Presentation Speech by Professor Olof Ramström, Member of the Royal Swedish Academy of Sciences; Member of the Nobel Committee for Chemistry, 10 December 2019.
Your Majesties, Your Royal Highnesses, Esteemed Nobel Laureates, Ladies and Gentlemen,
Imagine a world in which we have unlimited access to stored electric energy wherever we are. Perhaps the electricity is also coming from renewable energy sources that fluctuate over time, such as wind and sunlight, resulting in an uneven power supply. Not so long ago, this was very much a dream, and repeatedly storing large amounts of electricity for on-demand use was a major challenge. Today, however, we have come a long way to meet this goal, and the lithium-ion battery has increasingly become a viable solution.
Ever since Volta’s pile, we have known that batteries can store and convert chemical energy into electricity. Still, it has proven to be tremendously arduous to develop efficient and rechargeable batteries. This is certainly true for the powerful lithium-ion battery, and many groundbreaking discoveries have been required to enable its development.
As the name implies, lithium-ion batteries are based on the element lithium in its ionic form. Around 200 years ago, this element was discovered by Arfwedson and Berzelius while analysing a mineral from the island of Utö in the Stockholm archipelago. They also named the element after the Greek word for “stone”, even though lithium is our lightest metal. It soon became evident that lithium has several remarkable properties. The atoms are among the smallest we have, and their propensity for releasing an electron makes the element reactive, yet suitable for electrochemistry. Scientists gradually realised that these important properties would be useful for batteries with very high capacity.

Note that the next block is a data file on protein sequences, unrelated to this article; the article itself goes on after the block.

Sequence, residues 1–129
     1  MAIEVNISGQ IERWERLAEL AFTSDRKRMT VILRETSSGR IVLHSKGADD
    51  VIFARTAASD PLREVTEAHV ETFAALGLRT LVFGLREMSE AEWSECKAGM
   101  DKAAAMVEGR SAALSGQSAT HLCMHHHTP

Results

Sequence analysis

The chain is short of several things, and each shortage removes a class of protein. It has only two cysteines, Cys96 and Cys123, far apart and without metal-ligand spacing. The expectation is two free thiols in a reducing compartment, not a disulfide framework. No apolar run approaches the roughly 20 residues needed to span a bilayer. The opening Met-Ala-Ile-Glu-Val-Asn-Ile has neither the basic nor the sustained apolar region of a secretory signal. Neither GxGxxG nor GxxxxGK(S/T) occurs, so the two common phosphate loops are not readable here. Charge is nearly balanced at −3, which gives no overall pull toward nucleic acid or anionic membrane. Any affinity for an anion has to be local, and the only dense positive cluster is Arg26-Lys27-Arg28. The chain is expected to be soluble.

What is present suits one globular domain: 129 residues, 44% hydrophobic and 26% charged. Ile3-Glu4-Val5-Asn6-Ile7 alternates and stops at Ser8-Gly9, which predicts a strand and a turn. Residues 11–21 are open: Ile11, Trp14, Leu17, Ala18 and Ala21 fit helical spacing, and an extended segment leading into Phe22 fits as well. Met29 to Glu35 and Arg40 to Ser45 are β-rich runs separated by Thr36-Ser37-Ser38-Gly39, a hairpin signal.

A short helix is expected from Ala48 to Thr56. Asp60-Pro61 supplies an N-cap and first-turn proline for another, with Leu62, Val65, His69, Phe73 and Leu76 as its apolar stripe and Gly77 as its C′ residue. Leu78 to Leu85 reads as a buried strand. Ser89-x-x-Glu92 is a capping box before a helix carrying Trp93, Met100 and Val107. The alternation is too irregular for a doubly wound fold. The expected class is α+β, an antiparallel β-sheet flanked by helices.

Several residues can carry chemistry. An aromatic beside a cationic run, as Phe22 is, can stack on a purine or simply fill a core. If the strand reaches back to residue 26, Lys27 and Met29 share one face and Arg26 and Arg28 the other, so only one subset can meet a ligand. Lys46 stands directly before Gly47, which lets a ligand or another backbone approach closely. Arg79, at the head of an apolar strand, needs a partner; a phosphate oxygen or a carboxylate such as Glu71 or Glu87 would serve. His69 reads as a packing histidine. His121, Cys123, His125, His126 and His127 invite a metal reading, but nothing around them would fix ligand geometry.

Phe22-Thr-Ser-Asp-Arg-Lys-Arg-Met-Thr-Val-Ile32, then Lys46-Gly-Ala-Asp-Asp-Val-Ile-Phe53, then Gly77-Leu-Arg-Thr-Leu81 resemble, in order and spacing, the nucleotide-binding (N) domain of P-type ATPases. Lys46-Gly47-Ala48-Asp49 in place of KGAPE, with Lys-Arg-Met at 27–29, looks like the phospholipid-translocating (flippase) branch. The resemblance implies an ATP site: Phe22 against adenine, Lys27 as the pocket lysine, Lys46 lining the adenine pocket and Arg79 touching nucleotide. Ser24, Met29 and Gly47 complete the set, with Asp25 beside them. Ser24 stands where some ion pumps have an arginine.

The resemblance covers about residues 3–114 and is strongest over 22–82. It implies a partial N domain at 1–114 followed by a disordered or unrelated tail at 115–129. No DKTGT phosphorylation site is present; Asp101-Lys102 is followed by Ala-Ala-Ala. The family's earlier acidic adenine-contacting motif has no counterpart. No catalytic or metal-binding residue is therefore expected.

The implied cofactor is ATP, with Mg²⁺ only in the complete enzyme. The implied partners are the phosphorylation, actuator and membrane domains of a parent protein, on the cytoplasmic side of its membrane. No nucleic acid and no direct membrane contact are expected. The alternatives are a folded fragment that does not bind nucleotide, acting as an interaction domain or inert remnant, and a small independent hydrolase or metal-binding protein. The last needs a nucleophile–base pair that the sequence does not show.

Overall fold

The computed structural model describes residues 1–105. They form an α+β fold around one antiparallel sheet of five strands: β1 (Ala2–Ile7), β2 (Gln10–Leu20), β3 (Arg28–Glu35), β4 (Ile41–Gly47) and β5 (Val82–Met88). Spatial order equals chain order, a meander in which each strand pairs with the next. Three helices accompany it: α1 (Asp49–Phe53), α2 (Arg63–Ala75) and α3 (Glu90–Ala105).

Our Laureates took hold of these challenges and man- aged to tame lithium into what eventually became the lithium-ion battery. Stanley Whittingham worked with ion transport and superconductivity and discovered a titanium-containing material that could efficiently take up and release lithium ions. This revelation led to a lithium-based battery with a potential of around 2 V. John Goodenough identified new, stable, lithium ion-binding electrode materials based on oxides and phosphates and was able to demonstrate batteries with potentials of over 4 V. Akira Yoshino developed stable carbon-based materials able to host lithium ions and replace reactive lithium metal. In combination with oxide electrodes, he was then able to show lithium-ion cells with high voltage. These discoveries laid the groundwork for the modern lithium-ion battery.
The discoveries of our Laureates have led to a dramatic change in our society. They have contributed to the so-called “mobile revolution”, which has resulted in powerful, portable electronics. They have enabled the transition we are witnessing in the transport sector, with increased use of electrically-driven vehicles. They have simplified our use of reusable energy sources for the temporary storage of electrical energy and its subsequent on-demand use. This Prize is also a clear example of the fact that many crucial technical advances that transform our everyday lives have their origin in chemistry. Only with in-depth knowledge of the proper- ties of metals and metal ions, their electrochemistry and interactions with different substances and materials could this progress be made. These chemistry dis- coveries have thus really paved the way for a simplified everyday life and an improvement in our environment.
John Goodenough, Stanley Whittingham and Akira Yoshino:
You have made groundbreaking discoveries in chemistry that has led to the development of the lithium-ion battery. This is a truly great achievement for the benefit of humankind. On behalf of the Royal Swedish Academy of Sciences I wish to convey to you our warmest congratulations. May I now ask you to step forward and receive your Nobel Prizes from the hands of His Majesty the King.
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